Cliff Noble

Cliff Noble, (a former Deputy Lord Mayor of the City of Sydney) was born in Alexandria in 1918, where he has lived all his life. In his interview he traverses a wide range of topics including wakes, the Irish, Lebanese and Greek communities, politics, various notable local characters, children’s games, skylarking, school, food and local government. In the excerpt below he recalls Chinese people who worked in the local market gardens in the 1920s.

Most of the streets that you see ‘round here, Hiles Street was a market garden, and they went all around the place with these market gardens and, of course, the poor old Chinese, as I say, they worked from daylight to dark and we as children used to really torment them. I can remember, I suppose I got three good hidings in my life, and one was for going over, pinching their vegetables, and brought them home very proudly and when I put them down my father said “Where did you get them?” I said “I pinched them off the Chinks”. He said “Don’t you know that those poor fellows work from daylight to dark and you go over there and just steal their vegetables and bring them home? Now I’m going to make an example of you” and he did. Now, other things that we did to those poor Chinese, they had a great big fat draught horse, he could hardly fit in the shafts, and the only thing that he knew was going from the market gardens down to the city markets; and on the way back invariably the poor old Chinese would go to sleep. And we did the wrong thing, [we] would turn the horse around and he’d go back to the markets. And on one occasion he [the Chinese man] got home, the horse was outside the sliprails, so we got in, we put down the sliprails, put the horse the other side of the sliprails and put the rails back and threw little stones at him to wake him [the Chinese man] up. So he went berserk. He couldn’t make out how the horse got one side of the rails and the cart was the other. So we done all these silly, stupid, awful things to people…. The Chinese farms went all over the other side of McEvoy Street and that area.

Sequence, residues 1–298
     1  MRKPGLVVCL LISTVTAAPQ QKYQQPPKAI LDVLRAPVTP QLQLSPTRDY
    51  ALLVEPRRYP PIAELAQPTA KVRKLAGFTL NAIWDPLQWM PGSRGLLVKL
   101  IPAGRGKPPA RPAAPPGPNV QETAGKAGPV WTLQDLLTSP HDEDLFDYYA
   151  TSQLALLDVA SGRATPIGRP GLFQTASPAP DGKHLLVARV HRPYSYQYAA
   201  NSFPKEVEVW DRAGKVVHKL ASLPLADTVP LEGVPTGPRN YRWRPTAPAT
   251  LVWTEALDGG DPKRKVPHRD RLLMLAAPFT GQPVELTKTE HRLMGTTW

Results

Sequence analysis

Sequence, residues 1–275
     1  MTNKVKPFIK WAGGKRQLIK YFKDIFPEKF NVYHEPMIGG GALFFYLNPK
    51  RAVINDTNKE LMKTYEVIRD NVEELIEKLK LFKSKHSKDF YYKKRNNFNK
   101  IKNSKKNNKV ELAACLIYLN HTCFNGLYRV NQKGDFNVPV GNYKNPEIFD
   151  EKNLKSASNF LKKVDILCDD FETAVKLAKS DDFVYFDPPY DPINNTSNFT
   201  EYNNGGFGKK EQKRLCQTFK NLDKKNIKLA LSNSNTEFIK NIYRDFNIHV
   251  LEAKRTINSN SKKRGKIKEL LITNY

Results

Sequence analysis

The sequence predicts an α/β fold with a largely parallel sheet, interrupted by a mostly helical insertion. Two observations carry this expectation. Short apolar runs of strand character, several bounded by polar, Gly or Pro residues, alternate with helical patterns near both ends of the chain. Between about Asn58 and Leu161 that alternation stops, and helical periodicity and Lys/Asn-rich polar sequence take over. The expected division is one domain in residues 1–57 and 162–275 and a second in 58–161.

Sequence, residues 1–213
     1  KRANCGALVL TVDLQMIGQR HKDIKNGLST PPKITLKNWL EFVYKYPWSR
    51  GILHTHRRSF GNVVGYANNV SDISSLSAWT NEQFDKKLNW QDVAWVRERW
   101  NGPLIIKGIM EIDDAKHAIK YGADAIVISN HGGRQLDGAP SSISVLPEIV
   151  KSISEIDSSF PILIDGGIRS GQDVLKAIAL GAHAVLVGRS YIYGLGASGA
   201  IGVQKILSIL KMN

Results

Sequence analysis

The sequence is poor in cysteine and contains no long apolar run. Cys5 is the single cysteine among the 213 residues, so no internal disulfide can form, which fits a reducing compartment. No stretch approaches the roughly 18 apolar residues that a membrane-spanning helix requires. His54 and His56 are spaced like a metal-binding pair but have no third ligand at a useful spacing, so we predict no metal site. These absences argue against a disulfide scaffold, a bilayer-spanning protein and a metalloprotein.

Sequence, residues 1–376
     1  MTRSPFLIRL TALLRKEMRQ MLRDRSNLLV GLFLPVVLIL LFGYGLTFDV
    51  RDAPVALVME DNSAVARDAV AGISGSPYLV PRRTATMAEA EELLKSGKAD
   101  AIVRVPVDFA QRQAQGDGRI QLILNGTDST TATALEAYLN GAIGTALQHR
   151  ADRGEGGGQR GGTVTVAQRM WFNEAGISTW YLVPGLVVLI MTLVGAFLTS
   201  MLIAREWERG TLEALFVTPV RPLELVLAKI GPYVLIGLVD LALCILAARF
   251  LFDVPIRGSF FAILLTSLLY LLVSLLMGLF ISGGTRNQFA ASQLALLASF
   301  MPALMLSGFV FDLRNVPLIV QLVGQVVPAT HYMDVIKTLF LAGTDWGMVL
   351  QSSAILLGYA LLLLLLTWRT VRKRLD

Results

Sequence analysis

Sue Rosen